The hon. Member for Linlithgow asked whether enough householders had offered to take children. In March, when a count was taken, the response was small, but conditions have changed since then. I am still a strong advocate of the voluntary system. I know the difficulties that are bound to crop up when children from one home go into another home, but I have sufficient faith in the common humanity of the people of Scotland to realise that we shall not have any real difficulty when the crisis arises. The hearts of our people will open. It is true that we did not recently get the response we had wanted, but when the crisis comes along the hearts of the people will be all right.

No, not in the way that we review this problem from day to day. Bear in mind that we are under war conditions, and the whole problem of evacuation is being discussed and reviewed by Ministers every day, including Sunday.

The hon. Gentleman has said, and I think we all agree, that when the bombs begin to fall every heart in the reception areas will open and every house wilt open, and the problem of evacuation, voluntary or otherwise, will be solved; but in our opinion that will be too late, and that is why we are all pressing that it should be dealt with now, before the bombs begin to fall.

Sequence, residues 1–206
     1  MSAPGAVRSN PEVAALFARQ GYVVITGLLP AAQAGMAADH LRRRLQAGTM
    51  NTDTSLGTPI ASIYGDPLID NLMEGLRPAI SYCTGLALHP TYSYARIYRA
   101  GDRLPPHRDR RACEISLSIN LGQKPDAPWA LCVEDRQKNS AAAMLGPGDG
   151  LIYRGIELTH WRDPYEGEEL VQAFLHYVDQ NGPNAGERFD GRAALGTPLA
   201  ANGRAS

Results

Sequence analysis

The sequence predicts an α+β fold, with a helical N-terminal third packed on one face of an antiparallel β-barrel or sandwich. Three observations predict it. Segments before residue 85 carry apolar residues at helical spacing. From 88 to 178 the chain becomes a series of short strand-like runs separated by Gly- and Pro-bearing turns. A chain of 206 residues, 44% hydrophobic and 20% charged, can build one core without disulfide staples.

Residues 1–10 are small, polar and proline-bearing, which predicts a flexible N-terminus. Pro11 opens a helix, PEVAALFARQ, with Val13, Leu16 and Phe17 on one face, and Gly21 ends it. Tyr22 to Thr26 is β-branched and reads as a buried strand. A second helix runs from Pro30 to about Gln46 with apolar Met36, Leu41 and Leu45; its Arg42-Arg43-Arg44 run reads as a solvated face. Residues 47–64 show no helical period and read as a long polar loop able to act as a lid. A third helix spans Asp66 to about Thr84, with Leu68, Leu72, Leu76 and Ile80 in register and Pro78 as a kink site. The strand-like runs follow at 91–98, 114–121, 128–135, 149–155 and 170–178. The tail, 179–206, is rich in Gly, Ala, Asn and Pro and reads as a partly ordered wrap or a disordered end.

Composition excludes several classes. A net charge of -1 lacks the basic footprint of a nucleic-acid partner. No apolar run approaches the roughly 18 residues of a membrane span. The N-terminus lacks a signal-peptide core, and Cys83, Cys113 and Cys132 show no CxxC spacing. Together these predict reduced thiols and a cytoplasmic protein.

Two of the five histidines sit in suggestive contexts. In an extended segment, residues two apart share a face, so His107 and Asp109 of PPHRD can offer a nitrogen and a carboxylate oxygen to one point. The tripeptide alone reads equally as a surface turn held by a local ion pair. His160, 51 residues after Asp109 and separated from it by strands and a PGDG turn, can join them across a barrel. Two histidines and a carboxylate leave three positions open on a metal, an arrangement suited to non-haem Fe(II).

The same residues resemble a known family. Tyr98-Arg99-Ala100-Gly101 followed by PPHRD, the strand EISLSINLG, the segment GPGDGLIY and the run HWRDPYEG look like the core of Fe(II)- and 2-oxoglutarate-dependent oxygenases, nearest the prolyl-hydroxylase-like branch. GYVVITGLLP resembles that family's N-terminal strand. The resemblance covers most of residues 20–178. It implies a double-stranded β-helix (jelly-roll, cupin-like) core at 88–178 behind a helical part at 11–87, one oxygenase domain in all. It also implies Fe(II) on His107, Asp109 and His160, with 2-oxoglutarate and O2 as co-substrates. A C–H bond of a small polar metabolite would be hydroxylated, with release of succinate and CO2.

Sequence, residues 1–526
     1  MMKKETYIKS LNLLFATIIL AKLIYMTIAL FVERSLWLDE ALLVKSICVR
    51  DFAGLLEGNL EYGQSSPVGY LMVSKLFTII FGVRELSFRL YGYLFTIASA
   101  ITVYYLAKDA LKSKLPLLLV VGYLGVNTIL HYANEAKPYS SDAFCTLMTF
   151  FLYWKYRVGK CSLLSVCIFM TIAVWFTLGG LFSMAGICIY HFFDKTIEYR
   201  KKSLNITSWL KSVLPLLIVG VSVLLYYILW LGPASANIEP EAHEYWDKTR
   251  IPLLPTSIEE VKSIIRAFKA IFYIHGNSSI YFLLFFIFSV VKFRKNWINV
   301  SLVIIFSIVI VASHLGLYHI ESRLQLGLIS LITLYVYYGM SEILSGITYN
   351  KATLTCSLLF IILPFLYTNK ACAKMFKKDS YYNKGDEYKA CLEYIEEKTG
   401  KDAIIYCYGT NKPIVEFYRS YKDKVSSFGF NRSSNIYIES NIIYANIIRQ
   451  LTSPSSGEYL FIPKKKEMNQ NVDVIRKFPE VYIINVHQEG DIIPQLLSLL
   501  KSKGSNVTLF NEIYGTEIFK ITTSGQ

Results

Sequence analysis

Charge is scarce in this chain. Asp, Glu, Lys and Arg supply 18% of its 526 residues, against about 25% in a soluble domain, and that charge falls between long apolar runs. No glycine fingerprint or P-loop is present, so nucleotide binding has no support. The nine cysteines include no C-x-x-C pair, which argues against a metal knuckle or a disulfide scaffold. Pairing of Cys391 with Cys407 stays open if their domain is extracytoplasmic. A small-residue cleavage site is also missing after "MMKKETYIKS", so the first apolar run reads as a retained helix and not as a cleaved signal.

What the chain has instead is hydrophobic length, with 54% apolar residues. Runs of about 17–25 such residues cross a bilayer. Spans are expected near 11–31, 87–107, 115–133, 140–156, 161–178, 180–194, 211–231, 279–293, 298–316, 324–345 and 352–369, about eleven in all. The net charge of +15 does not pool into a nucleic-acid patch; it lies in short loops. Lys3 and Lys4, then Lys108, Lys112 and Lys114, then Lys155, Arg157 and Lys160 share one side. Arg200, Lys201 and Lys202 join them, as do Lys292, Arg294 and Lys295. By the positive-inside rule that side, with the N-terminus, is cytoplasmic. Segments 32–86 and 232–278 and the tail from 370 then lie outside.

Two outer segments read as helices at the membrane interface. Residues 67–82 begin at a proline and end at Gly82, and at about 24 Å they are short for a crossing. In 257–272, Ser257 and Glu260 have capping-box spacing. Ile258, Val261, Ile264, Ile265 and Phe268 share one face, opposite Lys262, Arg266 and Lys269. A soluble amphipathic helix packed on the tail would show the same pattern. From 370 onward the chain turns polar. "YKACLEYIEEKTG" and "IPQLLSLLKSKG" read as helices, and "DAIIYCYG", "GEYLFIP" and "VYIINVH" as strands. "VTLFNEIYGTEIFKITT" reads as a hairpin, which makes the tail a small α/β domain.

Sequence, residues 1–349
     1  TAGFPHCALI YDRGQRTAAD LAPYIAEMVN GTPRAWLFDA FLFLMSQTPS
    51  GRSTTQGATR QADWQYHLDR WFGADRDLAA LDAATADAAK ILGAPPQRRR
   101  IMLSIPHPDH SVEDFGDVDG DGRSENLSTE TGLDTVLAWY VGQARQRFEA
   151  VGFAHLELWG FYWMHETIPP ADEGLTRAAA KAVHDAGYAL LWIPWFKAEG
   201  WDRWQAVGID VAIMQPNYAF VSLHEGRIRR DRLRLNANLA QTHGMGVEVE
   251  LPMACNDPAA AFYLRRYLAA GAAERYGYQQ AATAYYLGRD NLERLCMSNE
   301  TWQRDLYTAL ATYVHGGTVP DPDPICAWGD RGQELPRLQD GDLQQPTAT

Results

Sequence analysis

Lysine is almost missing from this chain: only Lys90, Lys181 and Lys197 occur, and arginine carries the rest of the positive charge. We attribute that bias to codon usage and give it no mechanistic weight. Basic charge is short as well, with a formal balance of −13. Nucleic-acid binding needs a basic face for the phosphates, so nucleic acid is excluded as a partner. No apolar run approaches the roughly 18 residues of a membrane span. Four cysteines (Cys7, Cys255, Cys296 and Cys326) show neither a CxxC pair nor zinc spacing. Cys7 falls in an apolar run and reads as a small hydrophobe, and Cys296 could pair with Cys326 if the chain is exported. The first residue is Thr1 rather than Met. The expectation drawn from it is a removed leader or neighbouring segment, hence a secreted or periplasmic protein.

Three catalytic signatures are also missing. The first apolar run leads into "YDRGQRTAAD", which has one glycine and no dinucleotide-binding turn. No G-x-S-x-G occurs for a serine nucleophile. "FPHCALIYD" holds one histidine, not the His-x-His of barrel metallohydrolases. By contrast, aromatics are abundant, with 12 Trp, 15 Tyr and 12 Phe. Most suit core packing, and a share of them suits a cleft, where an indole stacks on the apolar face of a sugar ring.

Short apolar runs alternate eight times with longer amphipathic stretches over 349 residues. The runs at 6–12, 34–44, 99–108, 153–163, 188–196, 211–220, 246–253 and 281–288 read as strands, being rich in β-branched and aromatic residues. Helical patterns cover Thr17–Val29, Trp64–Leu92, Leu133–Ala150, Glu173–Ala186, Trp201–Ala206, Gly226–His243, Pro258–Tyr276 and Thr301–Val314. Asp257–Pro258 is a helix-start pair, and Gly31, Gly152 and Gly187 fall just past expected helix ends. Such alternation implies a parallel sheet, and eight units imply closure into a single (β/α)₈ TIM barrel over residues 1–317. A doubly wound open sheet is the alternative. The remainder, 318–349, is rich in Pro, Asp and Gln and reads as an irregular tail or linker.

I have already pointed out that it was announced on Thursday that the policy of His Majesty's Government is based on the voluntary principle. If for military reasons there should be need for compulsory evacuation it will be an entirely different matter. It is interesting to recall that last year there were 300,000 voluntary offers. Everybody expected the bombs to fall then, and the hearts of our people opened at once.

Is it not the case that they cloned just as quickly after a fortnight or three weeks?

There were difficulties at that time, and there were grounds for criticism. I have pointed out that we are trying to avoid a repetition of the things that: gave ground for that criticism and to guarantee that such things shall not happen under the present scheme. Another point made was that the scales of recovery of the cost of the children that were evacuated were rather high. The scales of recovery are generous and there have been hardly any complaints. A wide discretion is left to local authorities in dealing with special cases. There have been only 1,200 appeals to referees since last November, when the scheme started. In that period the number of children evacuated has varied from 50,000 to 20,000. If there is any grievance in Scotland it is certain that Scottish Members of Parliament will write to the Secretary of State or the Under-Secretary, and they can rest assured that we shall go immediately into the matter with a view to making the scheme work as easily and successfully as possible.